were: THE ‘AMITY’
PERSONNEL 1824. John Oxley. Surveyor-General of New South
Wales. Allan Cunningham. Kings Botanist and Explorer Robert Hoddle. Assistant Surveyor Lieutenant Henry Miller. Commandant. Lt. Millers wife and two children. Walter Scott. Storekeeper/Surgeon. Lieutenant Butler. Commander of the 40th
Regiment which consisted of a Sergeant, Corporal and 12 Privates with
their wives. Twenty-nine convicts were sent aboard to get
the land cleared and the settlement made ready for further convicts
to arrive. The convicts who sailed aboard the ‘Amity’ were: FIRST CONVICTS FOR
Occupation. John Anderson -------
Sailmaker Thomas Bellington -----
Baker Robert Butler ----------
Carpenter William Carter ---------
Stone Cutter William Grady ---------
Wheelwright George Cunningham ---
Stonemason James Hazel -----------
Plasterers Labourer Robert Humphries -----
Labourer Michael Marley --------
Quarryman John Pearce ------------
Waterman Matthew Sellars --------
Brickmaker James Turner -----------
Seaman Evan Williams ----------
Carpenter John McWade ---------
Seaman James Winstanley ------
Shingle Splitter Henry Allen ------------
Carpenter James Byrnes ----------
Shoemaker James Crow -----------
Shingler William Francis --------
Sawyer William Green ---------
Bricklayer William Hartlan --------
Dry Cooper Charles Hubbard ------
Shoemaker Lewis Lazarus ---------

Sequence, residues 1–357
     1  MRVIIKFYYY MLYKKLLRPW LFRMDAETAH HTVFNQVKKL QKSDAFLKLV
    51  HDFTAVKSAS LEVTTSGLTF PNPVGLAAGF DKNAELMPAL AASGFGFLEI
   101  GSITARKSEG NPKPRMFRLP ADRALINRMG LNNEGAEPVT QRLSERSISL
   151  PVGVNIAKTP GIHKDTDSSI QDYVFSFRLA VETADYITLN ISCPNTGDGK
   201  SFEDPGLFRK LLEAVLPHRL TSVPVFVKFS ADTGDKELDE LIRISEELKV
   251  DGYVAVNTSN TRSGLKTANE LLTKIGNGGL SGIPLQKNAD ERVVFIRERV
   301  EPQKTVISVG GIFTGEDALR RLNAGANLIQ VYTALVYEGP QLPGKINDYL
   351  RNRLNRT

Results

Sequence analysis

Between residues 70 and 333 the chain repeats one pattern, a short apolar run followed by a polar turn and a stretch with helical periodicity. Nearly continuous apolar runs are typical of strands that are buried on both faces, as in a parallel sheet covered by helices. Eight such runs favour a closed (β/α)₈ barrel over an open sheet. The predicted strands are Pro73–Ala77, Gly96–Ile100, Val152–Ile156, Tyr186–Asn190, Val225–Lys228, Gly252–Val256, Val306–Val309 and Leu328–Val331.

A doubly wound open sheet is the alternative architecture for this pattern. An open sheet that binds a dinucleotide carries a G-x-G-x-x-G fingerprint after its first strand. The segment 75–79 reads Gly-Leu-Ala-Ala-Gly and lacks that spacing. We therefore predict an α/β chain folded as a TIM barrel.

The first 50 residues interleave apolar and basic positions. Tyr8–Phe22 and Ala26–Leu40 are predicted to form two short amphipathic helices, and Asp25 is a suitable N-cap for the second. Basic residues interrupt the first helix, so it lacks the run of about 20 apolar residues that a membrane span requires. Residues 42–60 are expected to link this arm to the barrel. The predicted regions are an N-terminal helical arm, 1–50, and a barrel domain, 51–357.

Sailor Michael Mills ----------
Seaman Thomas Price ----------
Sailor William Sanders --------
Seaman Thomas Warwick ------
Sawyer John Williams ----------
Seaman John Welsh ------------
Seaman. The convicts were originally under the command
of Lieutenant Miller, many of them were volunteers who hoped to gain
their ticket-of-leave as a reward for helping to establish the new
penal colony.Allan Cunningham. Allan Cunningham wrote in his journal: 'With a
light breeze from the westward, we weighed anchor and quitted the harbor. And so they were underway, the settlement was
yet to be sited and they only had old reports on which to rely for
guidance. Lt. Miller wrote to the Governor on the 30th
of September, 'We anchored here on the following evening of the 12th
instant within ¼ of a mile of Redcliffe Point. On the following day,
I accompanied the Surveyor General to examine the best island in the
bay which we found in no respect eligible, being small, swampy and
without fresh water. On the 14th,
we selected here, apparently calculated in all respects to answer the
wishes of his Excellency. [It was] well watered by a deep lagoon one
hundred and fifty yards from the place marked out for the settlement. Temporary huts, for the shelter of the soldiers